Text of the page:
Biden's Infrastructure Plan Recognizes Our Invisible Home Care Workers | Opinion

When President Biden included $400 billion for home health care in his $2 trillion infrastructure plan, he acknowledged what home care workers have known for decades: They are the infrastructure that keeps the industry intact, and they are an infrastructure that is crumbling and badly in need of repair.

Biden's American Jobs Plan includes a much-needed expansion of access to home and community-based services though Medicaid, currently riddled by long wait lists. But perhaps most importantly, the plan would support well-paying caregiving jobs that include benefits and the ability to unionize. This would be long-overdue and welcome support for a critical part of the long-term care market, which has been largely ignored since budgetary concerns thwarted the implementation of the CLASS Act in 2011.

In-home care for aging Americans is a vital and growing part of the long-term care sector, a sector that is slowly breaking and will surely crumble if nothing is done as baby boomers age and disability rises. By 2050, 18.9 million Americans will be over the age of 85, and if current patterns continue, more than 40 percent of them will need daily care to help with everyday activities.

Most of this care is provided informally and without pay by family and friends. Informal home care is often supplemented by paid care provided by more than 2 million home care workers, most often funded through Medicaid programs.

Although this workforce has doubled in the last 10 years, there remain too few workers to meet the growing demand, and COVID-19 has only exacerbated this shortage: The devastating toll of the virus in nursing homes has increased demand for in-home care. At the same time, as the pandemic limited childcare and eldercare options, women left the labor market to fill these gaps at home.

While some states, such as Michigan, Virginia and Vermont, funded hazard pay through the CARES Act to try to stave off the drain of home health workers, the home-care industry was hard hit due to its low-paying but high-risk jobs.

Home care workers provide essential services that help their clients live independently and with dignity. They monitor health conditions, administer medications, accompany clients to medical visits, help them bathe, and go to the toilet, prepare meals, go grocery shopping, and clean. These tasks can be physically demanding and unglamorous. Home care workers are the lowest paid direct care workers in health care, earning a median annual income ranging from $13,300 to $17,200, not far above the current federal poverty level of $12,880 for an individual. Almost one-quarter of home care workers live below the poverty line.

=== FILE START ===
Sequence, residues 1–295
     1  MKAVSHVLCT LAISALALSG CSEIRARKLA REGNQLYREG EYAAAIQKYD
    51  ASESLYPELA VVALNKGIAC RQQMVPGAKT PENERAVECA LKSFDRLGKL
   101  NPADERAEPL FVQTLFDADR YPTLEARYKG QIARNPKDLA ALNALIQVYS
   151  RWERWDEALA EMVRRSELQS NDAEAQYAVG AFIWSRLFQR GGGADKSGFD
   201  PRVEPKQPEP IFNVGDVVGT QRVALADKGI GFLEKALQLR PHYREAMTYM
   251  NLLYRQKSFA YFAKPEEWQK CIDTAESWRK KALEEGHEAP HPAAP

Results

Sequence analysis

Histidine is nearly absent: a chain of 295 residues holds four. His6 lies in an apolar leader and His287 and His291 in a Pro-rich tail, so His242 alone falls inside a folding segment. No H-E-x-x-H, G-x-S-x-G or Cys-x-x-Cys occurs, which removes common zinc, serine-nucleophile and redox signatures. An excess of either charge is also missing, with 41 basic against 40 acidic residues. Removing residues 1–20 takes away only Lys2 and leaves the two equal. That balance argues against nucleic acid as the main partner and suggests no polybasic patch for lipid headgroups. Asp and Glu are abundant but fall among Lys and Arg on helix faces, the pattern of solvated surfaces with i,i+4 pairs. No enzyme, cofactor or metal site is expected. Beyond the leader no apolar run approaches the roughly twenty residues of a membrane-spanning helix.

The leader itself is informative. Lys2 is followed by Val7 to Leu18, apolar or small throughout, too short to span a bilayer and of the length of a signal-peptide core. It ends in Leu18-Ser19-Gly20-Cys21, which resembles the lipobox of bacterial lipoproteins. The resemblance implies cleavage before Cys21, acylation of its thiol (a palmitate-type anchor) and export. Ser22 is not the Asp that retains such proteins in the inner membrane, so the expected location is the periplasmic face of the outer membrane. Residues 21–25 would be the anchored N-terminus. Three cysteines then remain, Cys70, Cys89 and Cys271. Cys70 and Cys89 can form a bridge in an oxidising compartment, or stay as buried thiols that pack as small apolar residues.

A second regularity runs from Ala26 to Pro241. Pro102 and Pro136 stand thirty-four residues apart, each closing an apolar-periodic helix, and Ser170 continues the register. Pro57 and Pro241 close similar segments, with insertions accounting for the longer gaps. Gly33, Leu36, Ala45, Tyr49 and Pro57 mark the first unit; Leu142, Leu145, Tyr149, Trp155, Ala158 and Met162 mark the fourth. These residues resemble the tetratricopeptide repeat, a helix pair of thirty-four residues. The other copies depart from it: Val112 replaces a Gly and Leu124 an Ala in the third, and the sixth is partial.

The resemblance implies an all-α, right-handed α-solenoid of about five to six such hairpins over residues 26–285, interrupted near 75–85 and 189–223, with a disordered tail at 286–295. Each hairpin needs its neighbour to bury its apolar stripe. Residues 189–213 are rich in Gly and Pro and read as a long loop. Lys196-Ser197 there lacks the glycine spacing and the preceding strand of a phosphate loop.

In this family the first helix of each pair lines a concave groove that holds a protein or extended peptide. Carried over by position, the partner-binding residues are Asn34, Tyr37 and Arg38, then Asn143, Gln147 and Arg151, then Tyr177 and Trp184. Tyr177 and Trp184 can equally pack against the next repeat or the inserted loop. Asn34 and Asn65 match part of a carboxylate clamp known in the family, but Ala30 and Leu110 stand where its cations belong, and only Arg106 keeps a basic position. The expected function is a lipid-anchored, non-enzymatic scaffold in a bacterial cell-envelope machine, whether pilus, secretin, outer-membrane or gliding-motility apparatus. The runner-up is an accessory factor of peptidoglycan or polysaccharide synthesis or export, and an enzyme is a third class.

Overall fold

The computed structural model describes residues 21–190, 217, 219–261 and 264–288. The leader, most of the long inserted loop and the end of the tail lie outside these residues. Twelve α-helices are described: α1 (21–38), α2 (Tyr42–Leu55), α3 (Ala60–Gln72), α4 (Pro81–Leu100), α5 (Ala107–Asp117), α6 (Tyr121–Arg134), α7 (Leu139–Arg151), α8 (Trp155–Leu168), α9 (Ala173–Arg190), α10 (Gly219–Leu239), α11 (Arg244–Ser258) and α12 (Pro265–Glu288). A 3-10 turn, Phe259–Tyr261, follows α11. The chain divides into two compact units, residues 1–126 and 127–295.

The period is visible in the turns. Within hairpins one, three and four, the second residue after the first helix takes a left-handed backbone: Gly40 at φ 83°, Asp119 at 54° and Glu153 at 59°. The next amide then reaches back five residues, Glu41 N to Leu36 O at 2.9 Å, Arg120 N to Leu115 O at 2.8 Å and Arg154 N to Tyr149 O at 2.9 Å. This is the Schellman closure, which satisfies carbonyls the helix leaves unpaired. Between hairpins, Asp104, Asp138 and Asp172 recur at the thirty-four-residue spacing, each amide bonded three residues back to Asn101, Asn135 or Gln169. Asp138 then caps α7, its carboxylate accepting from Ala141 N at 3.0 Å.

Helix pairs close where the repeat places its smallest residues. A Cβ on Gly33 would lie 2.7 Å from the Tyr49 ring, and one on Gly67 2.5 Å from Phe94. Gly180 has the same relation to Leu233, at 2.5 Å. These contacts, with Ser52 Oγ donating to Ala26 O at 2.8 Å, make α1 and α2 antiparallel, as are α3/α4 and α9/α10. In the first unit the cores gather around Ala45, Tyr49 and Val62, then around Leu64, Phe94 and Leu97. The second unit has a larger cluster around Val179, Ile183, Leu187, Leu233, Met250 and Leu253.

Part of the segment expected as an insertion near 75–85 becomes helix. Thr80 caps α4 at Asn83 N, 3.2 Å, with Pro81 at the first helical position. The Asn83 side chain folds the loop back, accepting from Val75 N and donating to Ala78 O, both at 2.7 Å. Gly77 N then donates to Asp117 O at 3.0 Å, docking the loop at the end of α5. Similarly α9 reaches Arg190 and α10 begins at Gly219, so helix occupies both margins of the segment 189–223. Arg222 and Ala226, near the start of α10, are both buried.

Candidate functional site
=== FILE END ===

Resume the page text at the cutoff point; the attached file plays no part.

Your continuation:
Biden's infrastructure plan would provide a much-needed investment into these essential workers by raising wages and benefits for home care workers. And these investments would come at a pivotal time, as the pandemic has taken an unprecedented toll on the communities in which home care workers often live.

Why don't wages simply increase to attract more workers? When most of your clients are covered by Medicaid, the wages are limited by the low Medicaid reimbursement rates set by state agencies and governments.

Furthermore, home health workers are historically disenfranchised workers with little power. Nine in 10 are women, and more than half are people of color. Over 25% are immigrants, and more than half have no formal education beyond a high school diploma.

These are invisible workers. Without federal intervention and union representation, it isn't likely they can successfully lobby for higher wages or larger Medicaid budgets.

Biden's plan is a win-win proposition for workers, clients, and even state budgets. Higher wages and collective bargaining could increase the home care workforce and improve the living conditions of home care workers.

home attendant
An in-home nurse cares for the mother of the photographer while she continues to recover from Covid-19 at her home on May 6, 2020 in Baltimore, Maryland. Arturo Holmes/Getty Images

State budgets would no longer need to fund public assistance for these workers, more than one-quarter of whom are currently uninsured, and half of whom rely on public assistance. And Americans in need of home care would benefit as higher wages would lead to decreased turnover, which would increase quality of care and could even prevent deaths.

This plan is not a cure all. Personal care assistance (help with bathing, dressing, eating and other non-medical care) in the home is an optional benefit in Medicaid, leaving considerable state variation in access to this type of care. It does not fully address the nation's long-term care problem and the pervasive underlying failure to adequately finance and universally provide long-term care. Many people will continue to rely on family and friends for caregiving in a fragmented system where Medicare covers post-acute care, Medicaid covers long-term care among those poor enough to qualify, and everyone else is on their own.

However, the American Jobs Plan does take an important step in recognizing and supporting the essential workers who are the scaffolding of the home care industry. It has the potential to pull home care workers out of poverty, and, by increasing the supply of care providers, give families in need of home care more options to provide the best care to their loved ones.

These provisions strengthen the infrastructure needed for the economy and society.

Norma B. Coe, PhD is Senior Fellow and Rachel M. Werner, MD, PhD is Executive Director at the Leonard Davis Institute of Health Economics at the University of Pennsylvania.